Does Twitter count as direct mail?

With the emergence of digital technologies and the fast uptake of social sites such as Twitter, the boundaries of direct marketing are fast becoming blurred.

Gone are the days when a mail shot landing on the doorstep could be considered a full and far-reaching direct marketing campaign.

Writing on, a US based marketing news portal this week, internet entrepreneur TJ Philpott says that with 75 million people now using Twitter, the site has become an integral part of direct marketing strategy.

However, a separate survey of technology marketing professionals by Johnson King revealed this week that Twitter is regarded as the Marmite of social networking sites, as marketing professionals either love it or hate it.

A straw poll in the Marketing Week office revealed that opinion is divided on whether Twitter should be considered as part of the direct marketing mix.

I’m of the firm belief that it should be, just as email and SMS marketing should be, but only if they’re used well.

Used well, Twitter allows nimble footed direct marketers to reach huge volumes of consumers directly and it’s a hyperfast way to spot and keep up with ever changing trends.

Used badly, the irritation of junk mail arriving through the post is multiplied
when poorly targeted, poorly executed emails, texts and corporate Tweets arrive in the consumer’s inbox.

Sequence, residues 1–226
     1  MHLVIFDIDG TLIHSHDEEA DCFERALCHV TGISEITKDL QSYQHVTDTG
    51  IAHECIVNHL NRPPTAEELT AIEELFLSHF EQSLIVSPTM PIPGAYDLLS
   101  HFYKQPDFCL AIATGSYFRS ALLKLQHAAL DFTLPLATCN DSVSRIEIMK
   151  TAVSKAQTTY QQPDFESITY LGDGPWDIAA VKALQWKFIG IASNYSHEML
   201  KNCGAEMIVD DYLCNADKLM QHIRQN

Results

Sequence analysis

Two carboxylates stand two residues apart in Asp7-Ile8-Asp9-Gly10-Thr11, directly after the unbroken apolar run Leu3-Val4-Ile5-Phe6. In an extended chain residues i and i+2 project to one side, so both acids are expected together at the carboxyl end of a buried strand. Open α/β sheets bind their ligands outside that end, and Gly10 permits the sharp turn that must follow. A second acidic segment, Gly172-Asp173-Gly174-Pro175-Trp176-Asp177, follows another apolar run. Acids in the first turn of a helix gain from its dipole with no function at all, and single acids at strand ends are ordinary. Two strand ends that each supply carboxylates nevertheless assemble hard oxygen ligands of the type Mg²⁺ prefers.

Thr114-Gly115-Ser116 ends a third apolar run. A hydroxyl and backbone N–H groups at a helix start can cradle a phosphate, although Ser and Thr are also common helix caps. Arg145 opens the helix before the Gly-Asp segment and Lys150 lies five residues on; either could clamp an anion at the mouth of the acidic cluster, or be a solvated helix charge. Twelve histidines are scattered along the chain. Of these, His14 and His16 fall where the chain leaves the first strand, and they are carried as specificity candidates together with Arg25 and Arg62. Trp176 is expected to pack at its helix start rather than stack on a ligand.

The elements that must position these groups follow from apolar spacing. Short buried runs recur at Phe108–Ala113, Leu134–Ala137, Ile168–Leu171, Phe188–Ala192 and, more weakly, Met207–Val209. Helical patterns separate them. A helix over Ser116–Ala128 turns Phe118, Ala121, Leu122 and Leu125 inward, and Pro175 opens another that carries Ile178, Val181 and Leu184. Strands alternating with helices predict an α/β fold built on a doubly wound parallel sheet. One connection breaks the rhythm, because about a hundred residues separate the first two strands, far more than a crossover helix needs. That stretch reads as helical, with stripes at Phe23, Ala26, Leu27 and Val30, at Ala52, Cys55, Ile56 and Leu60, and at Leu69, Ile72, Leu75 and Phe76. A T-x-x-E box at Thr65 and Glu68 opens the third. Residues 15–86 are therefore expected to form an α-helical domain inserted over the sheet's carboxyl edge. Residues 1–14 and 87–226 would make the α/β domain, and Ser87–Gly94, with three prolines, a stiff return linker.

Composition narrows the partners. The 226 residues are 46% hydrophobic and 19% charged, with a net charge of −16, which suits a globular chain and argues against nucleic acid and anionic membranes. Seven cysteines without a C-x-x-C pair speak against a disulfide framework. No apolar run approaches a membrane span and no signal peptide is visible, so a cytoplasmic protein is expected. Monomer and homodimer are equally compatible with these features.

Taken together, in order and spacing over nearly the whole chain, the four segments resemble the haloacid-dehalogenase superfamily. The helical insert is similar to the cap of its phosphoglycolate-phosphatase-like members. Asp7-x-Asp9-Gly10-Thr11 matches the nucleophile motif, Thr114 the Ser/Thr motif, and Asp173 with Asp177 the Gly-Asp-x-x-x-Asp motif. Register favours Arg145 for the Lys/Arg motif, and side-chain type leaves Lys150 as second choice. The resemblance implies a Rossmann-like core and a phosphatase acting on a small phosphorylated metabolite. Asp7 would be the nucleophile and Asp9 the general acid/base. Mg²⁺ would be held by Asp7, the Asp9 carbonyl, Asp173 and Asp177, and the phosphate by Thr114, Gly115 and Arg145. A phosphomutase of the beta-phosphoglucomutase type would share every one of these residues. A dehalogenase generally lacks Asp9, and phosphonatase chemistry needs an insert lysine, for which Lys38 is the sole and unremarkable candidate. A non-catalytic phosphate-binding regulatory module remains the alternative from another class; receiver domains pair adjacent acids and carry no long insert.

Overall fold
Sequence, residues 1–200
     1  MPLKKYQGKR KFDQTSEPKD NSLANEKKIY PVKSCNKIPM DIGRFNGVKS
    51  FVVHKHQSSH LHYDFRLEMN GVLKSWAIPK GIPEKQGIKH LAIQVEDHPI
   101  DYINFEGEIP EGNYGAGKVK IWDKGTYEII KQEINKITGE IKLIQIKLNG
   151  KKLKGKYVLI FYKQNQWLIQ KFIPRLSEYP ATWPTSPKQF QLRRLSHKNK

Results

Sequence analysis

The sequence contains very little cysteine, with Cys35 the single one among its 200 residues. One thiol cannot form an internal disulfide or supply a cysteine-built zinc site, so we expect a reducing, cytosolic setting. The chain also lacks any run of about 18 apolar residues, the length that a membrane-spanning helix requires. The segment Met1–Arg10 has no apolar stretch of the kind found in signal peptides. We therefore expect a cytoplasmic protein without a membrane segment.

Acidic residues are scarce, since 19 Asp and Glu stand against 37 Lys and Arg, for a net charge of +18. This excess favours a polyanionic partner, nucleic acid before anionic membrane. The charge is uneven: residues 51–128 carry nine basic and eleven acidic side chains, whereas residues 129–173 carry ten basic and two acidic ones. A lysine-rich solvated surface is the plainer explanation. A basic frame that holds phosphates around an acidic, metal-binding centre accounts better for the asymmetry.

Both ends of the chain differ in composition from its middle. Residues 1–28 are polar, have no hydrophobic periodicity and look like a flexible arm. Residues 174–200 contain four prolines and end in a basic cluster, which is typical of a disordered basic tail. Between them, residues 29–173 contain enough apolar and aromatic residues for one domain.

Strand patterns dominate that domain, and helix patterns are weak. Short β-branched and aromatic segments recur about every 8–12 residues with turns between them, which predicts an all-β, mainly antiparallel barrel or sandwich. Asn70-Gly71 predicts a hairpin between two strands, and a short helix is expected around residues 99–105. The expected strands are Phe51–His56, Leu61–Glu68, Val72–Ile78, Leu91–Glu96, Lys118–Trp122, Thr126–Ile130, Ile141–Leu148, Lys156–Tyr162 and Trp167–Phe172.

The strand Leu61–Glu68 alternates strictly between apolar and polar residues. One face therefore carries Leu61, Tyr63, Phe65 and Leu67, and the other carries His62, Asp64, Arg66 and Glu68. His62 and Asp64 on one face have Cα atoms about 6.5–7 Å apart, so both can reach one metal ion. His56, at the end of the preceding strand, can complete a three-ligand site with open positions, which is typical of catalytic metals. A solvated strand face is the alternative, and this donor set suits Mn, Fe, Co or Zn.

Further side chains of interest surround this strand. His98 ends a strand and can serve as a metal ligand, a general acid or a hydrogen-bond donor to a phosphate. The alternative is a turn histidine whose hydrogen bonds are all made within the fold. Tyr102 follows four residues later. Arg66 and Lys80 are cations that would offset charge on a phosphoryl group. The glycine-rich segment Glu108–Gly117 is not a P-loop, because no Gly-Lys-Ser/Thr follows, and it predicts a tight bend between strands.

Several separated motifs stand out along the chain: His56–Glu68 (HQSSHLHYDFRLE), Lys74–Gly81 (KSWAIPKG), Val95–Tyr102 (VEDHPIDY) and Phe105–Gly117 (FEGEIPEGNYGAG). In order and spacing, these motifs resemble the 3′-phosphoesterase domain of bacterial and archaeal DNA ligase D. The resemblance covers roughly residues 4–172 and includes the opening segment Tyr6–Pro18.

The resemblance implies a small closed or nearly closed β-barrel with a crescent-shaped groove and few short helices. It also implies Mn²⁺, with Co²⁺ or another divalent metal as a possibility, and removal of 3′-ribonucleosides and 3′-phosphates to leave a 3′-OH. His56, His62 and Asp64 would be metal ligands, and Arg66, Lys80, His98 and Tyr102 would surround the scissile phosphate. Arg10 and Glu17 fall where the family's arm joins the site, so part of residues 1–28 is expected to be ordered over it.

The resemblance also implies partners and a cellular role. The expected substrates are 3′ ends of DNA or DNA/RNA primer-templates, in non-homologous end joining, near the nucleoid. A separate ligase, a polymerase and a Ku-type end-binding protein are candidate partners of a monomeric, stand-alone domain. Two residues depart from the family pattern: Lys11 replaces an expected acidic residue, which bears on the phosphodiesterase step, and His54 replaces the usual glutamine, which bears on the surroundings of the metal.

The survey by Johnson King revealed some interesting figures about marketers’ perceptions of Twitter.

More than a third don’t see it as a valuable marketing tool, with a quarter believing companies shouldn’t get involved at all and Twitter should remain a personal forum.

The most staggering figure from the survey was that almost 60% of marketers using Twitter have no corporate usage policy to follow, and so the output is very much on the whim of the individual.

This is how Twitter differs from traditional direct marketing where a campaign is planned down to the last detail based on data to target the right audience and there are policies and brand guidelines to follow in terms of copy, and design.

If companies want their Twitter use to be taken seriously as a legitimate part of the direct marketing mix, they need to treat it with the same care and attention to detail as other, more traditional formats.

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